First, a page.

Hiring Tip: Focus On The Person Rather Than The Resume

Here’s a simple hiring tip – Focus on the person rather than the resume.

I admit that the ability to confront negative behaviors and poor performance is an important skill for leaders to develop. Still, there is something you can do long before problem behaviors surface that is a step beyond that for building a high performance team. Hire the right person for the job in the beginning.

Discussions about hiring the right person frequently surface as I work with various clients across the US and Canada. The subject floats to the surface when they need to fill a position. It comes up when they realize they have the wrong person in a position. Sometimes it comes up as a question during a training session. Sometimes it comes up in a private conversation. But it almost always comes up eventually.

When people have the authority to hire and fire, I see on very common mistake — one that I have even made myself — is this: focusing on the person’s technical skills rather than on their “soft” skills. I recognize that strong and relevant technical skills are vitally important.

For example, I would recommend hiring a CPA who knows nothing about accounting, and I don’t believe you should hire a nurse or dental hygienist who knows nothing about the tasks necessary to do those jobs. So, I am not suggesting that you ignore a person’s resume. I am just suggesting that their experience and training (i.e. – their resume) only serves to qualify them to get the opportunity to interview with you.

Their resume might gets them in the door and in front of you, but it shouldn’t give them the job.

“… [get] the right people on the bus, the right people in the right seats (and the wrong people off the bus) and then [figure] out where to drive it.”

– Jim Collins – Good To Great

Consider this situation.

Let’s say that you hire a person with outstanding technical skills. This person knows literally everything about the industry. They understand the legal environment. They have great job specific task skills. They understand all of the technical aspects of their position.\

And, your staff cannot stand to work with them. The “technical expert” demands special attention, resists every change, speaks negatively about management and other team members, pushes the limit on workplace rules, etc.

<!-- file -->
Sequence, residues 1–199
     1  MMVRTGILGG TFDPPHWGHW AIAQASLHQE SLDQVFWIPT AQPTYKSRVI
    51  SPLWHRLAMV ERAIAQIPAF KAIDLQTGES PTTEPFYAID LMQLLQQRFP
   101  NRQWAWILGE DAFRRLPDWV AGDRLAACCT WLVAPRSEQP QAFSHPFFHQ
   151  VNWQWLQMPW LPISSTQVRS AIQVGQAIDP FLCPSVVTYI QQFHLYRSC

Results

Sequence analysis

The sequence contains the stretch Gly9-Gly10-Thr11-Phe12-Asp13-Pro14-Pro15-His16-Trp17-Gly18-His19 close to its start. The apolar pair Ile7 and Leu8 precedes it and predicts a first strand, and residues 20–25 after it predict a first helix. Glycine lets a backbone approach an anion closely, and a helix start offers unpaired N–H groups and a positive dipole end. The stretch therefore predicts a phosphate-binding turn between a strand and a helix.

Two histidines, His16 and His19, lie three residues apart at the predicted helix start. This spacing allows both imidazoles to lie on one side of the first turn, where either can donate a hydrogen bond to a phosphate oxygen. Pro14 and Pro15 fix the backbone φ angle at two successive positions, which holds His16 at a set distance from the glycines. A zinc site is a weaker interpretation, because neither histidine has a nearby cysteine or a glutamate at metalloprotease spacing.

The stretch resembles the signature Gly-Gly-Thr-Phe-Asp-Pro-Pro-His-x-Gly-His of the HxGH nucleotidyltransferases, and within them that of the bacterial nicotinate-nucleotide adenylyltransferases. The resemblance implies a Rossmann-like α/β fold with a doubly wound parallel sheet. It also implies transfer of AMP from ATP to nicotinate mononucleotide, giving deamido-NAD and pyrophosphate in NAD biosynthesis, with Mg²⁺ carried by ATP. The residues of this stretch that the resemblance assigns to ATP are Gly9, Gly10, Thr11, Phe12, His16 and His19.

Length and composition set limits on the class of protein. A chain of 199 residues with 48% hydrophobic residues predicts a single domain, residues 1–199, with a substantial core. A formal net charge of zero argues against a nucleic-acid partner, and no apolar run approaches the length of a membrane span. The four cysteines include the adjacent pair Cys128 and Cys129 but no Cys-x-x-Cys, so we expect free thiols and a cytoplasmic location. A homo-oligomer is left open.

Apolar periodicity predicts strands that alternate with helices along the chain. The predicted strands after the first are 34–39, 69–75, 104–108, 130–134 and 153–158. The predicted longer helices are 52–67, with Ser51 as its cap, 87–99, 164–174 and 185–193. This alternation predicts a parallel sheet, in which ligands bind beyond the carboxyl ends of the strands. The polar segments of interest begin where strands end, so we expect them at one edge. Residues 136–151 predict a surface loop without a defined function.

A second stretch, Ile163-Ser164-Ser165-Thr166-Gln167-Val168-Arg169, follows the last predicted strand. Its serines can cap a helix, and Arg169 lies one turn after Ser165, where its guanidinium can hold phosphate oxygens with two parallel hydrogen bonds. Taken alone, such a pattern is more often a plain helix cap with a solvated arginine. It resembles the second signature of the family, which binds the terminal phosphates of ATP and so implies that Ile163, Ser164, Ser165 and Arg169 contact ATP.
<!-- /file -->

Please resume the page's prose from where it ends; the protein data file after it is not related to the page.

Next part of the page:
Are they really worth the trouble? Does the positive contribution from their “technical expert” status justify the damage they do to overall team performance? In most of the situations I’ve been involved in, the answer is no.

In the above scenario, I created a situation where the person under consideration is truly a “technical expert.”  In this case, they are among the best, technically, in their field.

What about the more frequent situation? The situation where the person really is good technically, but they’re not necessarily among the best in the industry.  Now, how does their behavior with and impact on other people balance against their technical skills? From where I sit, it only gets worse.

I assume that you will only consider hiring people with at least the basic technical skills to do the job. So, faced with a choice between two candidates:

Candidate one has a great “attitude” and acceptable technical skills (my working definition of attitude includes work ethic, drive, initiative, ability to work with others, and other “soft” or difficult to measure skills), and

Candidate two has outstanding technical skills and a poor attitude

I would choose candidate number one. I just find it easier an d more productive to help people strengthen their technical skills than to coach, mentor, cajole, and counsel them in an effort improve their attitude.

“Hire the best staff you can find, develop them as much as you can, and hand off everything you possibly can to them.”

– John C. Maxwell – The 21 Irrefutable Laws of Leadership

What if you have difficulty finding a person with the right attitude? I suggest you keep looking until you find them. It is better to work short-handed for a short time than to work with a problem employee for a long time. As Jim Collins states in his landmark study Good To Great – “When in doubt, don’t hire – keep looking.”

How to Hire the Best Candidate For a Job

I often hear leaders from all types of organizations ask questions about hiring the right person. Their questions usually sound like these:

  • What if their resume looks great but they have a bad attitude?
  • What if they put on a good act and then don’t work hard?
  • How can I tell how they will perform after I hire them?

A great way to answer these questions starts with a well-defined interview process. I have heard the procedure called many things. I first learned it as the Behavioral Event interview process. [Read more…]